The next two methods explained below are only applicable if an application is running within the Portal. But in this case we can realize completely legal solution and avoid the mentioned risks.

WebDynpro application running within the Portal

Article Integrating Web Dynpro Java and SAP NetWeaver Portal: How to use extended features of the SAP Application Integrator explains very well how a WebDynpro application is integrated in the Portal iView. In two words, there is SAP Application Integrator which is responsible (excepting all other functions) for launching a WebDynpro application running as a WebDynpro iView. Initially the integrator is requested by a client browser and then performs a HTTP redirect to the target WebDynpro application. It computes the target WebDynpro application URL based on the settings of the launched iView. The next things that happen depend on iView type…

  • For NW04 WebDynpro iView (based on WebDynpro iView template) the computed URL points directly to the target WebDynpro application. The URL is finally invoked via HTTP Redirect, so it’s still possible to extract HTTP Cookie from a servlet session as described in Approach 1.

  • For NW04s WebDynpro iView (based on WebDynpro page builder) the computed URL points to a proxy application – WebDynpro page builder, which in turn is responsible for invoking the target application. In the case a servlet session is almost empty; extracting HTTP Cookies is not possible. That’s why Approach 1 does not work here.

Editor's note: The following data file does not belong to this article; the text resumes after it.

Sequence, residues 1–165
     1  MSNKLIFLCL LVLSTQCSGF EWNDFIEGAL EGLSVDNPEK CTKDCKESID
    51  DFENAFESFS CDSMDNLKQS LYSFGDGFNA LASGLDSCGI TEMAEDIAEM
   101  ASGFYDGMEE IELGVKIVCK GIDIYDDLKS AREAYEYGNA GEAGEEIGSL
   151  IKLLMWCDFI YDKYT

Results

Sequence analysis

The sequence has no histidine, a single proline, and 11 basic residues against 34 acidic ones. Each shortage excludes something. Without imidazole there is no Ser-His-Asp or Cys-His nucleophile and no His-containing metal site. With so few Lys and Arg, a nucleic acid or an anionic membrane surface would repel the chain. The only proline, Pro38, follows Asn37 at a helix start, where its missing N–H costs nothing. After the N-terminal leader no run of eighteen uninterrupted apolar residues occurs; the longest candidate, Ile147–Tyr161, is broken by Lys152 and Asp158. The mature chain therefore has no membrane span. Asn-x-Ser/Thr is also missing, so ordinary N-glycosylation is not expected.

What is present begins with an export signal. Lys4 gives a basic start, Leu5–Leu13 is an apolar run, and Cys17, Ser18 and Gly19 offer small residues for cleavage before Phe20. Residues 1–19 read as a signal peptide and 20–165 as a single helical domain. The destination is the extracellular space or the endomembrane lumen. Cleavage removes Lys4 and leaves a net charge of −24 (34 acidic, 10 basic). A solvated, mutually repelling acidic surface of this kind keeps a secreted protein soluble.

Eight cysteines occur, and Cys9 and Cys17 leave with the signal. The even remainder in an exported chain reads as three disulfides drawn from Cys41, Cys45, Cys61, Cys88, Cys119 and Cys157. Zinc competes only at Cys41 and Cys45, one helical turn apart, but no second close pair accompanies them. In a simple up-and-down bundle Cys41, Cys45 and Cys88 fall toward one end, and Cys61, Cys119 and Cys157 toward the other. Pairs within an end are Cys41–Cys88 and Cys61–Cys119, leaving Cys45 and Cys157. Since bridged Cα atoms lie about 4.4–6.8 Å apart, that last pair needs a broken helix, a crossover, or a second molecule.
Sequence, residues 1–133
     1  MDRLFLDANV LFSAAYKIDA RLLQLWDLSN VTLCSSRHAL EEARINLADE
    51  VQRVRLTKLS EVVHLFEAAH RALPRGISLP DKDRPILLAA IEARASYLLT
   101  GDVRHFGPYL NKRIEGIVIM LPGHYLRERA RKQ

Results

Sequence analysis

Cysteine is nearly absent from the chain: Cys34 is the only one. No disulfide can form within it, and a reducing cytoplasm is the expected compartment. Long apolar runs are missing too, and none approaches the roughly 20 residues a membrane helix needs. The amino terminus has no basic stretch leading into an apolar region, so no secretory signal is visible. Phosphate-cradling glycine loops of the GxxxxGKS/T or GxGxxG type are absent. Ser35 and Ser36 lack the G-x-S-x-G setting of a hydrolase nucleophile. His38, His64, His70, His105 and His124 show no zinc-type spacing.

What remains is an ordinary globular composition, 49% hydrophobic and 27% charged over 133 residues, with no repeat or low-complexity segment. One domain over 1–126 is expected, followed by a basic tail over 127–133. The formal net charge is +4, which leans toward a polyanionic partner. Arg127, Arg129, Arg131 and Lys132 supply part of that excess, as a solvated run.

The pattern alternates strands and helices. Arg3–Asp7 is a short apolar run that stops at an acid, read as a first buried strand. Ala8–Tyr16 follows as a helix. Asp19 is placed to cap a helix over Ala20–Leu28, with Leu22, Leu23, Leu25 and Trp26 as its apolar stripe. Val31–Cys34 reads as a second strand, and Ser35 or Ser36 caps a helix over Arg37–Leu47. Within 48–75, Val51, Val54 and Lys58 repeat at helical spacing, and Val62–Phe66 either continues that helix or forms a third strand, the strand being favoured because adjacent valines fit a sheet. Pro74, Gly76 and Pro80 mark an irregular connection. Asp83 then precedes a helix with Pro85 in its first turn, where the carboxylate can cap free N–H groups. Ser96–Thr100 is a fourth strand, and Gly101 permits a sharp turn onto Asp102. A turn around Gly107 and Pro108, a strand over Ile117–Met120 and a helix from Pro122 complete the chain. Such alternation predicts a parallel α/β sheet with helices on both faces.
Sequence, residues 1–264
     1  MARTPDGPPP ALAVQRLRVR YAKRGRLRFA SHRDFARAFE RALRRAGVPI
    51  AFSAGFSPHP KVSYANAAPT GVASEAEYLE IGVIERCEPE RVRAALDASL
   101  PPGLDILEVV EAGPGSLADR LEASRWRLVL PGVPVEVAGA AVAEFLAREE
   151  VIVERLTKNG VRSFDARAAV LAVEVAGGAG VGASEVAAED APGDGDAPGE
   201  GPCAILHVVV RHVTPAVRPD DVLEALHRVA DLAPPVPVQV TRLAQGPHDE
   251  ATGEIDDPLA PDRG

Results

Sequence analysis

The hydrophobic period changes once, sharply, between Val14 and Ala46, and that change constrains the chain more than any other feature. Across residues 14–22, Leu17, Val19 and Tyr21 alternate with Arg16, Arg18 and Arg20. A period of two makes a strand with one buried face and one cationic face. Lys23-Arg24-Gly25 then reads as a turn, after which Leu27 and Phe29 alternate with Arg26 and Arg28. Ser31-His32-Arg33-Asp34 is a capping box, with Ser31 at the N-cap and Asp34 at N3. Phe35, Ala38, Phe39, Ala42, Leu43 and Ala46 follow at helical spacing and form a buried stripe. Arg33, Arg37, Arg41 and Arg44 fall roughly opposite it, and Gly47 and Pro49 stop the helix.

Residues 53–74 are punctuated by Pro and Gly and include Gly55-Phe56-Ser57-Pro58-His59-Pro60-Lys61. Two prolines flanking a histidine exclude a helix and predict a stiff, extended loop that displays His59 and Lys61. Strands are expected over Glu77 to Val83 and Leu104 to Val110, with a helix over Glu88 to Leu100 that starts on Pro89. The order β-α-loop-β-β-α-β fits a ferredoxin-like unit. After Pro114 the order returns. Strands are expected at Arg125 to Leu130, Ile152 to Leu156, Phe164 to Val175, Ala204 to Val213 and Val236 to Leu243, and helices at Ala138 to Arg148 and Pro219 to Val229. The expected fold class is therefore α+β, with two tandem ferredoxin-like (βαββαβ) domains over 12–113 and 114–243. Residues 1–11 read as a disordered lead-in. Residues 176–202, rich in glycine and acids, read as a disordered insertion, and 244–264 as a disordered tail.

Approach 2 (cookie reading): Using SAP Application Integrator + Custom Parameter Provider

The idea is proposed in forum thread Web Dynpro cookie read: Servlet workaround, but session problems… and also based on the mentioned above article. Here I’m just explain it in details.

When SAP Application Integrator computes the target WebDynpro application URL it’s possible to extend the URL with custom parameters. This allows us to put HTTP Cookies coming from the client’s request to the URL as parameters. Then the URL parameters will reach the target WebDynpro application. With the approach we can only read cookies, but we cannot send them back to the client.

Below is a short step-by-step guide how to proceed with the method. Read section “Using customer-specific parameter providers” in the article for further details.

  1. Enable support for customer-specific parameter providers in EP System Administration.
  2. Create a new Portal DC or reuse an existing one if there are any in your application development.